December 30

“Dear Apocalypse”

[The Advice Column for our Troubled Times]


Dear Apocalypse,


I was wondering if you could give me advice about a property dispute I’m having with my current neighbor.

Remember during big snowstorms, when city people had to clear out their own parking spaces on the street?  All that effort, but then you’d have to go to the store or to work, and you didn’t want somebody just to swoop in and take the space after you drove off.  So you’d put a lawn chair in the cleared space, which meant it was yours for the duration of the storm.  You’d earned it, through a kind of sweat equity.

Different day, different storm — right?

See, I’ve put a lot of effort into improving the home I’m occupying now.  The gates are reinforced with locks and chains I scavenged from the hardware store.  I’m the one who gathered boards and nails and metal bars, and used them to secure the doors and ground floor windows.  I also figured out how to make two of the fireplaces work, and set up a generator to power the  stainless-steel kitchen appliances.

Granted the house was pretty nice to begin with — during the initial crisis, I claimed the best place I could find.  But I’ve been a good homeowner.  I made some real improvements to the property.

Imagine my surprise when this guy shows up and starts yelling through the front gate.  He says he’s the son of the former occupant, and demands that I vacate his family home.

Well, as I told him, things don’t work that way anymore.  There’s no point to land surveyors or property deeds.  Possession has gone from 9/10ths to 100 per cent of the law — if we had laws, that is, or police to reinforce them.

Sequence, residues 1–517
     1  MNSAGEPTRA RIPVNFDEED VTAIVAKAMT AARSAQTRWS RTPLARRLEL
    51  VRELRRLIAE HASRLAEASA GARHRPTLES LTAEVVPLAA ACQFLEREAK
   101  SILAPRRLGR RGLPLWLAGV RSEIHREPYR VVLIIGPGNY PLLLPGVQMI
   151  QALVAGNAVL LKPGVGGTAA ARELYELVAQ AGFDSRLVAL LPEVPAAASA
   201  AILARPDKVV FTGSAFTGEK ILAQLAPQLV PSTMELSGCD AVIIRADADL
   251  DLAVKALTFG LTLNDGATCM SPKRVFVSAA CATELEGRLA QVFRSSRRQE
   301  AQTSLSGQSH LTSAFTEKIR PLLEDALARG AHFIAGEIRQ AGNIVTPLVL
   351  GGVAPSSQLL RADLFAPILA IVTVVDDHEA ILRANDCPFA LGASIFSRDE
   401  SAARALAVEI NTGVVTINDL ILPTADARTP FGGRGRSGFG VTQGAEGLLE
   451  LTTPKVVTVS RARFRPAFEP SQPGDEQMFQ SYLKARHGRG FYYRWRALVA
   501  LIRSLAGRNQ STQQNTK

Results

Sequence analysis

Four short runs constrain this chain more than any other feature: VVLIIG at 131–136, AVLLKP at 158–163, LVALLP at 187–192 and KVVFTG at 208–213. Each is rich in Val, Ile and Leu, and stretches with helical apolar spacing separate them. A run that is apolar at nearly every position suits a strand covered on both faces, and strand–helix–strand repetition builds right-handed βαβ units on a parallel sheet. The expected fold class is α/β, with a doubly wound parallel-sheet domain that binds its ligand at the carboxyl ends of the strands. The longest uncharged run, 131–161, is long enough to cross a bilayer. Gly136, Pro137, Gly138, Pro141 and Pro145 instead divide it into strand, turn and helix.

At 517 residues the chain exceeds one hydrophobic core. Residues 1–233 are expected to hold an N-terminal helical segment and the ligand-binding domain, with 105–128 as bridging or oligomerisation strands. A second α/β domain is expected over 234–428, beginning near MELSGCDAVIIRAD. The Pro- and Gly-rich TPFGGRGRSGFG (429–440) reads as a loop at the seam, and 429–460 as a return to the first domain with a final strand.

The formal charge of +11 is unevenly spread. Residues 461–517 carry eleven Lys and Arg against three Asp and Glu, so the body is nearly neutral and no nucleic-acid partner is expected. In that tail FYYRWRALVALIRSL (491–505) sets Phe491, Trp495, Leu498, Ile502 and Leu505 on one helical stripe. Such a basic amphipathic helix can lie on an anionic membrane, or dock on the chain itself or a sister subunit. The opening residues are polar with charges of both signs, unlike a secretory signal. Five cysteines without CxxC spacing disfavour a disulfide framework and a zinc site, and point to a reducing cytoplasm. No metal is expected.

I’ve got my locks and keys, but this guy — let’s call him Dwayne — moved into a fallen down carriage house across the street and keeps glowering at me.  The minute I leave, I think he’s going to try to crowbar his way into the house I renovated — not respecting the figurative lawn chair I’ve placed in the parking space I’ve shoveled out.

I was thinking, Apocalypse, maybe you could knock some sense into him.  Print my letter, and add your own response to help this Dwayne guy listen to reason.

What do you say?



Homeowner in Hartford



* * *


Dear Homeowner,


What planet do you think you’re living on?  If there’s no law and order, there’s no law and order.  Any guy who wants to kick over your lawn chair and ram his car in your space, he’s got my blessing.

And you can respond however you like.  Be an animal or be a gracious loser.  Your choice.

Or maybe, just maybe, recognize that Dwayne has his own claim to the property, as valid (or more so) than your own.  If that’s true, you might consider a mutually beneficial compromise — for example, share the property and work together to improve it further.

But that kind of solution might be beyond human abilities at this point.



The Apocalypse